Tantrums in Tynemouth

Tantrums in Tynemouth

A while back we were fortunate enough to be given the use of a rather wonderful house up in the north of England, in a small town called Tynemouth. The house was completely restored to the 1960s style, with fabulous views over Longsands, the local beach.

While we were out for a walk on the Sunday afternoon, we saw something that reminded me of one of the key components of Leadership Presence – managing your emotional state.

Two men stopped their cars, got out and squared up to each other because one of them didn’t like a maneuver the other had made. I thought we were going to see a fight; luckily, the main aggressor backed down and ended up driving off, swearing and cursing all the while.

I would hate to think that either of those two had a job that involved leading anyone; who wants a leader who flips his or her lid over something so trivial, and becomes aggressive at the drop of a hat?

I see it a lot here in the UK unfortunately – people who lose their tempers and feel they have a right to treat those a round them to a tantrum to get their own way. I think we’ve become a more aggressive society, hellbent on a sense of entitlement.

I want to say stop it. Right now. There’s a better way to be and a far more effective way to manage your relationships. Learn to control yourself and find an outlet for those strong emotions, that if given vent to unchecked, will almost always do harm, to yourself and others. Walk away from the situation, breathe, go for  a run, sound off to a neutral listener…but attacking someone, whether it’s verbally or heaven forbid, physically, is not the way of a leader.

How about you? Are you known for having a short fuse?

The fact is, as a leader, your emotional state has an effect on those around you, so you need to make sure it’s one you want. Emotions are contagious – is yours worth catching?

Many, many years ago I led a workshop where one of the learners kicked off in the middle, slamming doors as she went. This wasn’t unusual behaviour it turns out – ‘She does it all the time’ I was told. What I was curious about though, was why her manager wasn’t tackling this.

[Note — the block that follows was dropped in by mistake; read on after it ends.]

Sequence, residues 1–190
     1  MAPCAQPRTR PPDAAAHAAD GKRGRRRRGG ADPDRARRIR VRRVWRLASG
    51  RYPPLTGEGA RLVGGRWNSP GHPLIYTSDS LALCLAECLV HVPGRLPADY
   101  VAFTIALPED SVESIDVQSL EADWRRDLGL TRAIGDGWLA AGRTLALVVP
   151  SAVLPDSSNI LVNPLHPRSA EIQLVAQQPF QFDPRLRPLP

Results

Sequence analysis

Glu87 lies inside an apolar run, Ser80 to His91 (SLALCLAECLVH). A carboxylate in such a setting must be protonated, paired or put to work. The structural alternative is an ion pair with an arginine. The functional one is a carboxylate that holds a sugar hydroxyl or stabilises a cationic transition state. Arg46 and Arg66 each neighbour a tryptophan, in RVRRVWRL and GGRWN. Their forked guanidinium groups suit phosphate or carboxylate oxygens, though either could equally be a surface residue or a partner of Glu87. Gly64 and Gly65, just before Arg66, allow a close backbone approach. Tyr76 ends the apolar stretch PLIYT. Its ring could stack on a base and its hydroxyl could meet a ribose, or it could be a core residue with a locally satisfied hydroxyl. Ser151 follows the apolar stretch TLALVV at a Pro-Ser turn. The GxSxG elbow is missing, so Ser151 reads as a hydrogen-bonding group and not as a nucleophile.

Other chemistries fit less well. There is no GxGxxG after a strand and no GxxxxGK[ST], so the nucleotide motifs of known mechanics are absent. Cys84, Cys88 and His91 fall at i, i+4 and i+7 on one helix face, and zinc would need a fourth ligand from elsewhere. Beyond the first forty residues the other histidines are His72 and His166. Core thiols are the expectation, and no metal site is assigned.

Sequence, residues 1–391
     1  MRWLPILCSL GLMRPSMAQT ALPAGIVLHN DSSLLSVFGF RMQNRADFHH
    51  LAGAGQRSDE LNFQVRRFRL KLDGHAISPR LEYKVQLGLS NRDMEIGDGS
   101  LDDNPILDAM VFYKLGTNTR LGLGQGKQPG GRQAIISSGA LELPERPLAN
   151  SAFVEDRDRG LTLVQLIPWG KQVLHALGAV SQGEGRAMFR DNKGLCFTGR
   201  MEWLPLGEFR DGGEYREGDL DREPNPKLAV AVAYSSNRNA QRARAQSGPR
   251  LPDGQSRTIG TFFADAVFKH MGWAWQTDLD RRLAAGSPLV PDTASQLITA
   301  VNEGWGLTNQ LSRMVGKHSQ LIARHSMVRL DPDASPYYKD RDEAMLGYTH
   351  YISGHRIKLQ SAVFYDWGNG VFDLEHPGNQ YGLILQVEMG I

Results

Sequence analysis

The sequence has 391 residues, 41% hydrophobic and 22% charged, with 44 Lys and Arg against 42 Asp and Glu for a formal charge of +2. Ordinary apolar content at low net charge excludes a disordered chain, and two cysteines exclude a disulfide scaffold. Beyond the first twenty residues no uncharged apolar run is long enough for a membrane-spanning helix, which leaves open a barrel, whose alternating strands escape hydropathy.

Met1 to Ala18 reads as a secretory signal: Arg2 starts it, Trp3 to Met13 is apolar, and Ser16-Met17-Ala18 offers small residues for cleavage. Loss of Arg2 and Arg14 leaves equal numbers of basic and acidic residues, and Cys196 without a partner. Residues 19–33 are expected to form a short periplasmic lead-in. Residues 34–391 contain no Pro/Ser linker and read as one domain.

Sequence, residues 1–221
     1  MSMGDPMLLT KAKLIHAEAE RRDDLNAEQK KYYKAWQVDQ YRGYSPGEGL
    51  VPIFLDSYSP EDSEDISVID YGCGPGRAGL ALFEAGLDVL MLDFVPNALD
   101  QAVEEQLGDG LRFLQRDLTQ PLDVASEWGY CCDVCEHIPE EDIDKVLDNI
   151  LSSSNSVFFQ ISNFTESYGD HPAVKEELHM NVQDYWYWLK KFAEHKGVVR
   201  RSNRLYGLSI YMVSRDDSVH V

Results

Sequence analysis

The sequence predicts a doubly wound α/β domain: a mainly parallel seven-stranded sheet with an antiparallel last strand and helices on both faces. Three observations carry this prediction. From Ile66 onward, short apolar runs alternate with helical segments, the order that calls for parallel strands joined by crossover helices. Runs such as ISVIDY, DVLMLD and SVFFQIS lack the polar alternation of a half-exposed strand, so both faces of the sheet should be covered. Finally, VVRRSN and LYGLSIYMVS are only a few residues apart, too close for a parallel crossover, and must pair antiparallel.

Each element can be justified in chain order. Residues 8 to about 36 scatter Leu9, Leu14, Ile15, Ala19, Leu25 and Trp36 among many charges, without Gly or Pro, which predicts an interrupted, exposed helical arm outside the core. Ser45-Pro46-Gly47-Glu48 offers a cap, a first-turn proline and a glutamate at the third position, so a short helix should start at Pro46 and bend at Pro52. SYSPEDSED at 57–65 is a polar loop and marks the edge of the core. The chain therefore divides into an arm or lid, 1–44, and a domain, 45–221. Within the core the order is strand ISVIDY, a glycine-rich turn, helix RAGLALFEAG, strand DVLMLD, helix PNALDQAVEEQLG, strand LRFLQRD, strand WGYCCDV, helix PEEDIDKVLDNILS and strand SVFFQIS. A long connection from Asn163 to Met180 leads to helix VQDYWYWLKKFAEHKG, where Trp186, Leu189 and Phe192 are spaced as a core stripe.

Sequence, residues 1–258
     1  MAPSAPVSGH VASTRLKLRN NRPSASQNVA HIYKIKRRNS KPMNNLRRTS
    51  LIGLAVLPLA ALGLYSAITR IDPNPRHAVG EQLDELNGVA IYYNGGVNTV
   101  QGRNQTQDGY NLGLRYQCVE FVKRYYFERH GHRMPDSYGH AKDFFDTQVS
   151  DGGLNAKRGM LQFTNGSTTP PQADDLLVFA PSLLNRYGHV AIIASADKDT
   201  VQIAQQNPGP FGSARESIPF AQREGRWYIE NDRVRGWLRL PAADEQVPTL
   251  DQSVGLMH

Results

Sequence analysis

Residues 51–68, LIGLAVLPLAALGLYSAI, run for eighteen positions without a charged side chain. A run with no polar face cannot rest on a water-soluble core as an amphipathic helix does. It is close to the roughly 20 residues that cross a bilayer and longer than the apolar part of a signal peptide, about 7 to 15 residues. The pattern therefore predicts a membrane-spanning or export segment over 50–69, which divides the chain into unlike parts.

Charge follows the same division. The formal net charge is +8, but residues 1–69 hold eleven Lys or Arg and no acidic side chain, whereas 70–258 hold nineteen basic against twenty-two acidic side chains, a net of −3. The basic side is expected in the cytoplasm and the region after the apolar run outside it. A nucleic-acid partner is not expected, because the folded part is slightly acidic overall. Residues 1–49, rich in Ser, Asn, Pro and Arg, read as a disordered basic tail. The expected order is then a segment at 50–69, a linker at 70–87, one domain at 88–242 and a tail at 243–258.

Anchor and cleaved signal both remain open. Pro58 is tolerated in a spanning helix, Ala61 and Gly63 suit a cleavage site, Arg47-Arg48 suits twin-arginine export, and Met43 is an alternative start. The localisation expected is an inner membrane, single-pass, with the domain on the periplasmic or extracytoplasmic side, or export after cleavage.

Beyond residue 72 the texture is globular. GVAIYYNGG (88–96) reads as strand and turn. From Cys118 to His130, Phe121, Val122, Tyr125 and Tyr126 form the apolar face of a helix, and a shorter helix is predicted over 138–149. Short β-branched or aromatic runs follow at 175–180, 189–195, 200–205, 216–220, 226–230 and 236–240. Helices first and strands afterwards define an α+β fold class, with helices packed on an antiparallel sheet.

The wider impact on the team wasn’t good. People tip-toed around their colleague as if on eggshells. No-one would challenge her behaviour and the bad feeling lingered for days. This could have been avoided if the team leader was prepared to challenger her behaviour.

This can be done in a compassionate way – if you have the best interests of your team at heart, and it’s individual members, why wouldn’t you want to help a colleague to sort out behaviour that causes themselves and everyone else, a problem?

As a leader, how are you ensuring that others manage their state?

Setting expectations around communication is one way to do this – agreeing, maybe through the vehicle of shared values, how you expect to demonstrate speaking and listening skills, for example. As a team, deciding how you’ll handle conflict and the times when things go wrong. Being bold enough to challenge and call out behaviour that offends your values.

As a leader, modelling the behaviour you’d like to see – however hard that might be at times.

You can download The Communicate with Impact Grid, a free short guide to helping you make more of an impact in the way you communicate.

one_to_one_coachingI’m Susan Ritchie, an author, leadership and executive coach and trainer. My second book, Strategies for Being Visible: 14 Profile-Raising Ideas for Emerging Female Leaders is now available as a paperback, an audiobook and for the Kindle reader.